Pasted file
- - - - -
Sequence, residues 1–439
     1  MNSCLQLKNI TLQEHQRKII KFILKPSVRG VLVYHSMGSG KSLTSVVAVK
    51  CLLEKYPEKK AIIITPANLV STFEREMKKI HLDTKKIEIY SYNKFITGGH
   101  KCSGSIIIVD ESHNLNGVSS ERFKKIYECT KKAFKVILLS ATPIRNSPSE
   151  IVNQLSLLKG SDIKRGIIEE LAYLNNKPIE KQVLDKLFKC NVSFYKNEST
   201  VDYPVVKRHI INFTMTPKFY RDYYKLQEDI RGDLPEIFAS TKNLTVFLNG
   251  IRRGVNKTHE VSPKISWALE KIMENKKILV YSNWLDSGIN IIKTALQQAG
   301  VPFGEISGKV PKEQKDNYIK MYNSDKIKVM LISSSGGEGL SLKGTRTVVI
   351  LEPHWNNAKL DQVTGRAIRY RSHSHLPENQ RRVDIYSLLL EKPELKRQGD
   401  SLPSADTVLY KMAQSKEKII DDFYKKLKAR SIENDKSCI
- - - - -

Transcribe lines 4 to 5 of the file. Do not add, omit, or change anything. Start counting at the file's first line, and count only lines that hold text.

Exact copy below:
   101  KCSGSIIIVD ESHNLNGVSS ERFKKIYECT KKAFKVILLS ATPIRNSPSE
   151  IVNQLSLLKG SDIKRGIIEE LAYLNNKPIE KQVLDKLFKC NVSFYKNEST